Will immunotherapy control my allergy symptoms?

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Immunotherapy targets a specific allergen and works to change the process that causes symptoms in the first place rather than treating the symptoms themselves. It can be very effective, providing long-term relief for years after treatment has stopped, and it may also prevent the development of new allergies. Here's how it's done:

By gradually and repeatedly exposing a person to an allergen through injections (subcutaneous) or drops placed under the tongue (sublingual), the body's immune system begins to tolerate the substance and, over time, reduces its extreme response. (Note: Sublingual therapy is used extensively outside of the United States but has not yet been approved by the Food and Drug Administration [FDA] for use in America.)

Typically, immunotherapy shots are given once or twice a week by a specialist in allergen immunotherapy until an effective dose is achieved; then, the shots are given less frequently. It may take up to a year for symptoms to improve, and treatment generally continues for 3-5 years.

Immunotherapy is recommended for people who have moderate to severe allergy symptoms, have had a specific immunoglobulin E (IgE) antibody identified in their blood, and have not experienced sufficient relief from medications or cannot tolerate medications. Unfortunately, while immunotherapy works well for some people, it may not work at all for others.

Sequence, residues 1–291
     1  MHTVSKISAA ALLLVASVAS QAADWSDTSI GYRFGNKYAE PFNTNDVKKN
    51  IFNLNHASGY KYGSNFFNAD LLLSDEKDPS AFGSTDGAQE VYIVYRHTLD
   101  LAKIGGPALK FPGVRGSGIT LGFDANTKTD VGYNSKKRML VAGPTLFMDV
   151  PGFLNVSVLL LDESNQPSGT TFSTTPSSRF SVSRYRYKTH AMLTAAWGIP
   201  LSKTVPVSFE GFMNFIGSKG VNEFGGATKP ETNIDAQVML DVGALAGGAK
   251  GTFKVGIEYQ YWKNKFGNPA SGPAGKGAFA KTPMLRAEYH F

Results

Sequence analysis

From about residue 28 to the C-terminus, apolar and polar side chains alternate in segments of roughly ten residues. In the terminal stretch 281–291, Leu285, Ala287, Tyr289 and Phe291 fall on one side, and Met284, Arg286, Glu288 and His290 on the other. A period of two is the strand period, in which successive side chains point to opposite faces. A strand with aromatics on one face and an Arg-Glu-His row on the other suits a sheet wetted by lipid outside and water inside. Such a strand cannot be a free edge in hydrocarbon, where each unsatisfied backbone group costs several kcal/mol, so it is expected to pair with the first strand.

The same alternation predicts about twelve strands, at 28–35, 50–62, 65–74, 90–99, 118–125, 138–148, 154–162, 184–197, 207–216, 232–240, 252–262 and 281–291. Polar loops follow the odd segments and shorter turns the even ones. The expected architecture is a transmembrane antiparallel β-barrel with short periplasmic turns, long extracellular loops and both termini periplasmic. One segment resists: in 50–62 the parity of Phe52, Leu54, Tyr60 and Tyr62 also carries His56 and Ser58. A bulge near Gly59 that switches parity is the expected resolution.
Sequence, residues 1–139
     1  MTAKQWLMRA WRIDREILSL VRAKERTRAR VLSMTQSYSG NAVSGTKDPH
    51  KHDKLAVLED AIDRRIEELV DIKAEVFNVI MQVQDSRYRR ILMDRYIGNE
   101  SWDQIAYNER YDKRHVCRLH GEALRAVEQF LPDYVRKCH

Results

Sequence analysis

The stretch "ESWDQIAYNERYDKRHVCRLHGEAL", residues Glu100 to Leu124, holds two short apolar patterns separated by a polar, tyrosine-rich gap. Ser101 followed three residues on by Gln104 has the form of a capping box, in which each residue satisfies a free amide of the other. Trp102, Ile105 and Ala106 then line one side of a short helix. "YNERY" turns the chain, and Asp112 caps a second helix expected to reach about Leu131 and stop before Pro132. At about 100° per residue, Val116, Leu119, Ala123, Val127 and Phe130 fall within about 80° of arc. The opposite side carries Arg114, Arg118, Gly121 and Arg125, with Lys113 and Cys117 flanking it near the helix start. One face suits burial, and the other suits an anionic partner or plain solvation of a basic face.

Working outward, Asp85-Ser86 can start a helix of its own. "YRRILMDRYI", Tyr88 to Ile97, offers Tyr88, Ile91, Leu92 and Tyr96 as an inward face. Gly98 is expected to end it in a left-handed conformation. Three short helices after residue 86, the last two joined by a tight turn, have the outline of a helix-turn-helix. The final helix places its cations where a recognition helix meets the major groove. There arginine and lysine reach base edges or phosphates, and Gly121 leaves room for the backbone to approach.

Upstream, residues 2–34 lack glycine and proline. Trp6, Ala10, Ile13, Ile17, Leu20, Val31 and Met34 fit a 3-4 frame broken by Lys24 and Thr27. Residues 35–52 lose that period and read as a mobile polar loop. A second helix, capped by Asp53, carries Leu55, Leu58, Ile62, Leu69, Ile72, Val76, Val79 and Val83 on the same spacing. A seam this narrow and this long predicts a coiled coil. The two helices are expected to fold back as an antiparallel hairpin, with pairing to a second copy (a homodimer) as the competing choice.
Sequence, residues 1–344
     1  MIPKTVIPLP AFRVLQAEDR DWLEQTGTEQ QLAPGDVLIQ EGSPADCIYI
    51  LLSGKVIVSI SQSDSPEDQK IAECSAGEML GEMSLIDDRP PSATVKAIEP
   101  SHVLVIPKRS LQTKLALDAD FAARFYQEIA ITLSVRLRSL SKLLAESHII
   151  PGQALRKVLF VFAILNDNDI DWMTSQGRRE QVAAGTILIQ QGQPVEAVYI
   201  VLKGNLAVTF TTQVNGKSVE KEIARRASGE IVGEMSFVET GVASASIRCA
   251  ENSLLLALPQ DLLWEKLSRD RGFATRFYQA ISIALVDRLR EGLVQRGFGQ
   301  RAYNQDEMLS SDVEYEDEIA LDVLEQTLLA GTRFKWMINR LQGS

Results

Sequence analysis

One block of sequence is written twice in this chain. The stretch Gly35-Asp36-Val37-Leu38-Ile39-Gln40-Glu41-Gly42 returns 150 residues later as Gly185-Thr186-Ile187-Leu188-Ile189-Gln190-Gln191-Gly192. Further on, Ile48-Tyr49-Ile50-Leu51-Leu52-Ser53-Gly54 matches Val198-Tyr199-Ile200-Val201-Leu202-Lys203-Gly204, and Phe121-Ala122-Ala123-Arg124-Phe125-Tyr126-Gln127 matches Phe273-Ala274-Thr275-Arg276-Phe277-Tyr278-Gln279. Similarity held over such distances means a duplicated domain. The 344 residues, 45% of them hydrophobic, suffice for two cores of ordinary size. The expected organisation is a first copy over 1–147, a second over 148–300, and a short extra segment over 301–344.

Side effects include swelling or hardening at the injection site, itchy mouth (with sublingual therapy), difficulty breathing, and, in rare cases, anaphylactic shock.

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Immunotherapy, often called "allergy shots," aims to desensitize the patient to the triggering allergen by gradually increasing exposure over a period of time. Allergists recommend this treatment only for allergic rhinitis and conjunctivitis, allergic asthma and insect venom allergies. Immunotherapy doesn't work for food allergies. Indeed, the primary treatment for food allergies is not to eat the food that triggers the reaction.

Dr. Darria Gillespie, MD
Emergency Medicine Specialist

Immunotherapy, or allergy shots, retrains the immune system to make you less sensitive to specific allergens. Allergy shots are usually given by injection once every 2 weeks to twice a week for several months. During this time, the dose is gradually increased. Once a maintenance dose is reached, injections are given less often. There are also "cluster" and "rush" schedules that can shorten the time to improvement and less frequent injections. These may involve pre-treatment with an antihistamine or corticosteroid to lessen the chance of systemic reactions.

Besides reducing symptoms, allergy shots can prevent new allergies and reduce the risk of asthma. This therapy is most effective for children and young adults.

This answer was adapted from Sharecare's award-winning AskMD app. Start a consultation now to find out what's causing your symptoms, learn how to manage a condition, or find a doctor.

Louise Goldberg
Nutrition & Dietetics Specialist

Immunotherapy can help control symptoms of environmental allergies, but they cannot help prevent food allergies. At this time the only treatment for a food allergy is to avoid the food(s) that trigger the immune response. There are many therapies currently being tested in hopes of desensitizing a food in the body; however none are widely supported yet due to lack of evidence. Working with a dietitian can ensure that your allergen-free diet provides the nutrients you or your child need for your best health. www.EatRight.org